On-Call Reprised and Rejuvenated
In a recent informal survey about the training provided by companies for those going On-Call: 25% reported no training at all, 30% indicated training was available as a wiki (with maybe a one-time overview session), 40% reported all of the above with a "shadow shift" on top, and only 5% said they performed some kind of scenario or tabletop practice outside of incidents.
Even with a small sample set, it is clear that many places treat incidents as extra work with no dedicated training. There has been good research done on the importance of training responders how to take action in ambiguous situations. For instance, arctic rescuers have shown the critical importance of relying on improvisation and practicing it as a team. With this in mind, we set out to reboot our On-Call process at Blameless in the Spring of 2022. Not only would we switch from a monolithic rotation to service team ownership, we also developed a set of procedures and documentation that we worked on together.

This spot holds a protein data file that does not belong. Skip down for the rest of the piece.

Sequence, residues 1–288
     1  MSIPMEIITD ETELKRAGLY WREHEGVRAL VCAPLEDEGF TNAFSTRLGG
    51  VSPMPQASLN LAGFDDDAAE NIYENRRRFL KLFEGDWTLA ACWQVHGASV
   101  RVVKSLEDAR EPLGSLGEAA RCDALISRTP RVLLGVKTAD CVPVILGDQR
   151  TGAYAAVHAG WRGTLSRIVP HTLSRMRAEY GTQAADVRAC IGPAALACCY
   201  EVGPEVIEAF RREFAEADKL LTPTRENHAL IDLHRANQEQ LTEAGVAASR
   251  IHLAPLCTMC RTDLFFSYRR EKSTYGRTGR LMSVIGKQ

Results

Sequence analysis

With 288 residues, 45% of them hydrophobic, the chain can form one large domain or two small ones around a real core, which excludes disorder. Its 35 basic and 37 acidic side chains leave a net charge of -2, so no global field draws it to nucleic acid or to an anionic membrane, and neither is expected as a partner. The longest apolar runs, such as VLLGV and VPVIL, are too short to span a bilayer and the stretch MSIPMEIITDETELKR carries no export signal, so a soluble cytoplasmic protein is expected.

In fact, shaping how we respond to incidents is a never-ending process, one of continuous improvement and reflection. This talk is about that improvement: the struggles we had with our rotation before, the challenges we endured as we faced organizational change, the pressures that pushed and pulled at the successful implementation of the new paradigm, and most importantly the approach to education and training that would carry the program forward and make it last.